Financial Results and Financial Position

Consolidated key figures

(in millions of euros) 2021 2020

Normalised EBITDA from continuing operations

Earnings before interest and taxes

(Loss)/profit for the year

Net cash flow from operating activities

Net cash flow from investment activities

Net debt




















  • Revenue was down 6.2% to € 4.6 billion. This drop was mainly driven by lower prices due to volatile market conditions during the year. The sales volume decreased by only 1.9%. Disruptions in the global supply chains greatly impacted supply and demand, resulting in lower prices for pigs and in a temporarily limited production capacity due to COVID-19 infections among our employees.
  • The normalised earnings before interest, taxes, depreciation and amortisation (EBITDA) decreased to € 40.0 million. The global market disruptions in the meat industry also had a strong impact on our financial performance. Higher fixed personnel costs, extra protection measures, a higher absenteeism rate and production disruptions all occurred due to COVID-19 and inflation, and had a significant impact on the financial results.
  • Depreciation and amortisation costs increased by € 5.8 million to € 68.2 million due to the investments made in recent years. Furthermore, Vion recognised additional impairment charges of € 0.8 million for the writing-off of fixed assets.
  • The loss for the year amounted to € 29.0 million, compared to a profit of € 52.9 million in 2020. This fall in profit was mainly caused by a decline in revenue and the gross margin, together with a sharp increase in variable and fixed costs.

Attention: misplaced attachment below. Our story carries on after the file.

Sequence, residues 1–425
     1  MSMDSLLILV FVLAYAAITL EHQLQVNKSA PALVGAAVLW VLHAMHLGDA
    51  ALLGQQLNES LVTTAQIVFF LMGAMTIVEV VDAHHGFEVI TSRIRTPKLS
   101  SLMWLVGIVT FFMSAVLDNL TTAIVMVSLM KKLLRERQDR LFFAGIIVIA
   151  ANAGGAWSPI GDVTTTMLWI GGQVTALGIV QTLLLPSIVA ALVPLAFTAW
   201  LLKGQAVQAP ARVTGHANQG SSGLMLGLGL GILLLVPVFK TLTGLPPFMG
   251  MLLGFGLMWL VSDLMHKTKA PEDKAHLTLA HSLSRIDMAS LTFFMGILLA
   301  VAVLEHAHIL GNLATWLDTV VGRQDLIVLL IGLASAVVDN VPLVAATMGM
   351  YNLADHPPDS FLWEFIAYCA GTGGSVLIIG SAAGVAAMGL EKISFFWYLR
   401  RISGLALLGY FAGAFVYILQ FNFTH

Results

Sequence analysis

• Financial expenses increased by € 0.8 million to € 5.3 million in 2021, due to foreign currency exchange losses and an increase in interest expenses.
  • Apart from the lower result in 2021, the significant increase in working capital was mainly attributable to increased inventories due to higher prices for cattle at year-end and an increase in receivables and payables. Vion did not make full use of its working capital facility and ended 2021 with a positive bank balance of € 18.7 million.
  • In 2021, € 60.8 million was invested in further optimising the company’s footprint and improving the efficiency of various production locations.
  • As of 31 December 2021, Vion had a positive liquidity position of approximately € 18.7 million despite a sharp increase in the company’s working capital. No funds were drawn under the € 250 million working capital facility; however, € 75 million was drawn under a Schuldschein, an unlisted bond loan.
  • In 2022, Vion will issue no dividends for the year 2021.

Read our Annual report 2021 here